Thursday, September 11, 2003
Unable to find a new leader at its membership meeting this week, the Steamboat Springs Education Association will continue to operate without a president.
Members of the teachers association's executive board will share the duties normally assigned its president, SSEA vice president and eighth-grade science teacher Brad Kindred said Thursday.
"We're still going to be a major player in the district," Kindred said. "We'll just keep plugging on."
The president's post has been vacant since Mike Smith resigned in June after budget cuts in the Steamboat Springs School District eliminated paid release time for the SSEA leader.
At the time of his resignation, Smith, who served as SSEA president for two years, said having to return to full-time teaching while fulfilling the many duties of the president would shortchange his responsibility as a teacher, parent and husband.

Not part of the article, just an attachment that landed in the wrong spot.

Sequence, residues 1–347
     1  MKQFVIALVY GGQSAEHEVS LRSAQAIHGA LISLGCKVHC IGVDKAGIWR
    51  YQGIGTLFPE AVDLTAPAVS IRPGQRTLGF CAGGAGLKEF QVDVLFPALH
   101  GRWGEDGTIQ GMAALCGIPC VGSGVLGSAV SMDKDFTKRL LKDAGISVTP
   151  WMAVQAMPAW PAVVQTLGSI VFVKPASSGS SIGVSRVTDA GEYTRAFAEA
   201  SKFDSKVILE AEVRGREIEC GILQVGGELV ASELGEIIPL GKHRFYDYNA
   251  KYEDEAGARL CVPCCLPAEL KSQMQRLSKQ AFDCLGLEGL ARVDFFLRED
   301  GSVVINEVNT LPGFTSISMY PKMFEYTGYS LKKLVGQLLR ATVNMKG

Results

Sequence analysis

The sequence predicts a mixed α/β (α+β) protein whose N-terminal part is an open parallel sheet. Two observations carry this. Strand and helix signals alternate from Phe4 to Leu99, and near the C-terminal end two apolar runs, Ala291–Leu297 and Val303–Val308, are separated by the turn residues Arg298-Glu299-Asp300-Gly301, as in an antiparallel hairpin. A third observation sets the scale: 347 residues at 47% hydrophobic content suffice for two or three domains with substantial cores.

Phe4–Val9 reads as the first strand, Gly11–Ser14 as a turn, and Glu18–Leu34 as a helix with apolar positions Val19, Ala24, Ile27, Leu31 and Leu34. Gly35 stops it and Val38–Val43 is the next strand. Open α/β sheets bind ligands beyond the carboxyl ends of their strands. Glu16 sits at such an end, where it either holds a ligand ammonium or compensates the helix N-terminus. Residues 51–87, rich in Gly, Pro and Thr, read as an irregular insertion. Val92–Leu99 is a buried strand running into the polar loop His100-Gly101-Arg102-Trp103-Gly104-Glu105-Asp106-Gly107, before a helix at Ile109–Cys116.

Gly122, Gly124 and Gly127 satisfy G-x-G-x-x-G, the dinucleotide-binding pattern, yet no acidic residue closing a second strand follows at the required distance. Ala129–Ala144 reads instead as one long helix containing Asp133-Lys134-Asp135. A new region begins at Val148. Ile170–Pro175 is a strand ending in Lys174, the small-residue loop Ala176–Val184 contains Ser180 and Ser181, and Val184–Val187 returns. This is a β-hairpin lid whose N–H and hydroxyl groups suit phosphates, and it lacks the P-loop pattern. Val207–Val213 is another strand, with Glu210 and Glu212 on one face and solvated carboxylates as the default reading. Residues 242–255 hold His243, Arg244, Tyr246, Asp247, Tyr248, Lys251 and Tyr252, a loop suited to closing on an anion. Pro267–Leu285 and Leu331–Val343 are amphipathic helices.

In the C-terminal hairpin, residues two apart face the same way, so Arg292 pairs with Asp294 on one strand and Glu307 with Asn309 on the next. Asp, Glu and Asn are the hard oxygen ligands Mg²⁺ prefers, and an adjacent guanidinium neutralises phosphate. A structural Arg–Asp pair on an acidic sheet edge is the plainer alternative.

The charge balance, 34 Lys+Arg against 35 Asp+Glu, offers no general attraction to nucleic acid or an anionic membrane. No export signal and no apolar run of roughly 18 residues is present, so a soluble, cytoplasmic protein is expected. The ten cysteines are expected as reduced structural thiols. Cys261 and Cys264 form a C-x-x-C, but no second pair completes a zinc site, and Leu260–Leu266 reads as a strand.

The school district granted Smith paid release time for the 2002-03 school year to help him balance his duties as a high school math teacher with those as lead representative for the SSEA. Under the agreement, Smith was able to cut his teaching duties in half while continuing to receive his full salary.
"It was unfortunate Mike Smith resigned, but his resignation was justified," Kindred said. "When the district took away his half-time release, he could no longer do the job."
SSEA executive board members Bo Yennie, Mike Johnson, Lucianne Myhre, Kindred and Smith, in addition to association representatives from each district school, will divide up the group's numerous responsibilities, including membership seats on district committees and teams and political action work, Kindred said.
About 91 percent of the district's certified employees are SSEA members, Kindred said. The group also is increasing its membership among support staff.
"I think we've become the voice of the district," Kindred said. "Teachers have got to have representation of some sort."
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